circumstances,individualsaremakingoptimalassessmentsabout howtoacquireresourcesacrossalargeandunproductive land-scapeonthebasisofwhatlittleinformationtheyhaveregarding their neighbors, but this has the unintended consequence of increasedviolence.
Regardless ofwhich scenario underliesthe negative correla-tionbetweenprojectileviolenceandenvironmentalproductivity, theseresultsaddtoagrowingbody ofevidencesuggestingthat ratesofviolenceacrosssmallscalesocietiesaredrivenby indi-vidual evaluations of costs and benefits. Rather than arguing whetherornotviolenceisanancestralorderivedcharacteristic ofhumansocieties,wesuggestthatfutureworkshouldcontinue toexamine variationintheratesofviolenceacrosspopulations
0.5 0.6 0.7 0.8 0.9 1.0 1.1
2 3 4 5 6
Environmental Productivity (NPP) Political Leadership
0.5 0.6 0.7 0.8 0.9 1.0 1.1 1.0 1.5 2.0 2.5 3.0
Environmental Productivity (NPP) Political Organization
Fig.3. Response plots illustrating results of two multivariate models. The first (A) examines variation in the proportion of burials exhibiting sharp force trauma as a
function of the combined effect of environmental productivity and political leadership. The second (B) examines the proportion of burials exhibiting sharp force
relative to indicators of resource scarcity to explain the un-derlyingcausesofviolencethroughouthumanhistory.
Central California Bioarchaeological Database. The Central California Bio-archaeological Database (CCBD) was assembled by one of us (A.W.S.) over the last two decades with information gathered from 329 archaeological sites; 80% of them were excavated after 1975 because of threatened impacts from modern development (31, 35). It includes information on a total of 16,820 individual burials that date back as far as 5,000 cal BP from 19 ethnohistoric territorial delineations (31, 35). All of these groups were relatively broad-spectrum hunter-gatherers, organized into a large number of autonomous polities that are often aggregated by anthropological researchers into larger groups based on language. Three forms of violence well attested in the ethnographic record are evident in this sample: blunt force cranial trauma, sharp force trauma, and trophy taking behavior. Across the entire database, the most pervasive form of violence is sharp force or projectile trauma, found in 7.4% of 6,278 assessed burials. It was significantly more common among males (10.7%) than females (4.5%) and most common among young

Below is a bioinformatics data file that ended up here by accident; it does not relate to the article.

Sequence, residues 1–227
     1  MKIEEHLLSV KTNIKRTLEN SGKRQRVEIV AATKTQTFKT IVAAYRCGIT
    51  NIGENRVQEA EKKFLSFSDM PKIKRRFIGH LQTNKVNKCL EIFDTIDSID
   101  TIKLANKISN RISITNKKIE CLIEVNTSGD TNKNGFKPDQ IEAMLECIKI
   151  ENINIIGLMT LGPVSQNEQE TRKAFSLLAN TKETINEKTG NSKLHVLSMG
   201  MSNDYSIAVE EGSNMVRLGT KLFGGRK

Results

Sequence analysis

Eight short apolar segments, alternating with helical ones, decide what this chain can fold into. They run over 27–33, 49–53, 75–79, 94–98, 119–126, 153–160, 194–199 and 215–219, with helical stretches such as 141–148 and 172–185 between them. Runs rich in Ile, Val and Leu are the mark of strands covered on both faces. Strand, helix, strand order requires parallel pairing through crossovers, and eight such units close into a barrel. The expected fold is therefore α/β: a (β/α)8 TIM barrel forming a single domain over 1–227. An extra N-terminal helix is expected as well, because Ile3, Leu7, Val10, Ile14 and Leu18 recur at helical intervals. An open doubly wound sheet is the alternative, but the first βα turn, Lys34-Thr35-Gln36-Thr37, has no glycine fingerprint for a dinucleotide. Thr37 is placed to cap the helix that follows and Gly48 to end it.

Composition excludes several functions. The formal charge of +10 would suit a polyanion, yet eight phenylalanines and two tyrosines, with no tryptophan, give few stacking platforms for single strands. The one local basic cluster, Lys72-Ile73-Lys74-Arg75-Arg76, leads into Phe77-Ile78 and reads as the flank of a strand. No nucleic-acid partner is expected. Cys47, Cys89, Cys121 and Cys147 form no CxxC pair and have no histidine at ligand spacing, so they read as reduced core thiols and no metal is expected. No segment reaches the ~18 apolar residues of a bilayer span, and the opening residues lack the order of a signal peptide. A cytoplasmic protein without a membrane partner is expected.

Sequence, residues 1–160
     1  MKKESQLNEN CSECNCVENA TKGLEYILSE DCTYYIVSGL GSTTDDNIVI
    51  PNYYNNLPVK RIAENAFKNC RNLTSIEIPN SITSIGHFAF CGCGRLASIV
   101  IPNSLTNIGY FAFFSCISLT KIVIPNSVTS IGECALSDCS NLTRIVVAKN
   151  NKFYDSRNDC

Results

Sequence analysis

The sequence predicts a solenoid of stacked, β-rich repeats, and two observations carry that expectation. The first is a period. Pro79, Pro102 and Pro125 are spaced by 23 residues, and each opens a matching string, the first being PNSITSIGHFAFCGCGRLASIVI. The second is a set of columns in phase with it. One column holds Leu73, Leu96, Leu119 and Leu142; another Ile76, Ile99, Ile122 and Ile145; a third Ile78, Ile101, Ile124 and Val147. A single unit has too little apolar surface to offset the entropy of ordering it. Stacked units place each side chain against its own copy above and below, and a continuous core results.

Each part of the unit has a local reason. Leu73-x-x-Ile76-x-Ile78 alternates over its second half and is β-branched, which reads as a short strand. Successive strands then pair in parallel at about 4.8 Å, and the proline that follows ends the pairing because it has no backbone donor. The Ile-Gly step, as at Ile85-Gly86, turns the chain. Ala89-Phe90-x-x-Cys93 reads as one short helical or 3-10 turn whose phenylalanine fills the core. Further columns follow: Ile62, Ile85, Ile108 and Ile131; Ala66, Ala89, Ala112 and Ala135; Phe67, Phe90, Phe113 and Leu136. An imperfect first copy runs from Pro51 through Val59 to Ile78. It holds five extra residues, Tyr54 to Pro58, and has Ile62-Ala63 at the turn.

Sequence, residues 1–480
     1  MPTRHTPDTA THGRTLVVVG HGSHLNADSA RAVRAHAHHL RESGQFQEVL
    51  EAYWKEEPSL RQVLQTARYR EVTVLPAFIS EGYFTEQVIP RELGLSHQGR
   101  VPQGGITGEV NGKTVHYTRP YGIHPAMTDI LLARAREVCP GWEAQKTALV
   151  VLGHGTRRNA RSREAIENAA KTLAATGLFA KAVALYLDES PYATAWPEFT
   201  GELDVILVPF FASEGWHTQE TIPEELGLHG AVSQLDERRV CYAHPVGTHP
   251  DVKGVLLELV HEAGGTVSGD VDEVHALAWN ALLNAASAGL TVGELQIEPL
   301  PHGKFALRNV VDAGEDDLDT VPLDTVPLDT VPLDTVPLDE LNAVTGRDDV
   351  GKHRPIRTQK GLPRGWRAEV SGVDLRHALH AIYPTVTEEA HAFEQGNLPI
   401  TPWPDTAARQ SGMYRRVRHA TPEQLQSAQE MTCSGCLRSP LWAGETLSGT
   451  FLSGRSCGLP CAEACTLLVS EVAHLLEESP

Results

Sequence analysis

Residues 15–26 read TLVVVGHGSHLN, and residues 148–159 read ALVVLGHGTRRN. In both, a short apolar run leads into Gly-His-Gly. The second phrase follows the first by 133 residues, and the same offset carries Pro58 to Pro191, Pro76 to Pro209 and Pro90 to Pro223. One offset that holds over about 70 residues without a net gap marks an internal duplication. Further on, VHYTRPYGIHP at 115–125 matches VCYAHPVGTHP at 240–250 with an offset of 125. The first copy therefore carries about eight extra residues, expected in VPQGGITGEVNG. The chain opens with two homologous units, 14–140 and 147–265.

adult males. Indicated by cut marks, indentations, perforations on bones,
and embedded projectile points, this form of trauma increased markedly in frequency during late prehistory, likely due to the introduction of the bow and arrow (31). Blunt force cranial trauma is the second most common form of injury, remaining relatively constant at ∼5% for most of prehistory for adult males and slightly less for adult females, but increasing after 500 cal BP. Trophy-taking behavior is the practice of dismembering and displaying body parts and was the least common form of violence in the CCBD, peaking
2,500–1,500 y ago, with 4.2% of males and 1% of females being subjected to
removal of crania or postcranial elements. Recent research suggests that
trophy-taking may represent profoundly different underlying social and
political phenomena than projectile violence and blunt force trauma (36), so it is not further considered here.
For the current undertaking, we restricted our sample to burials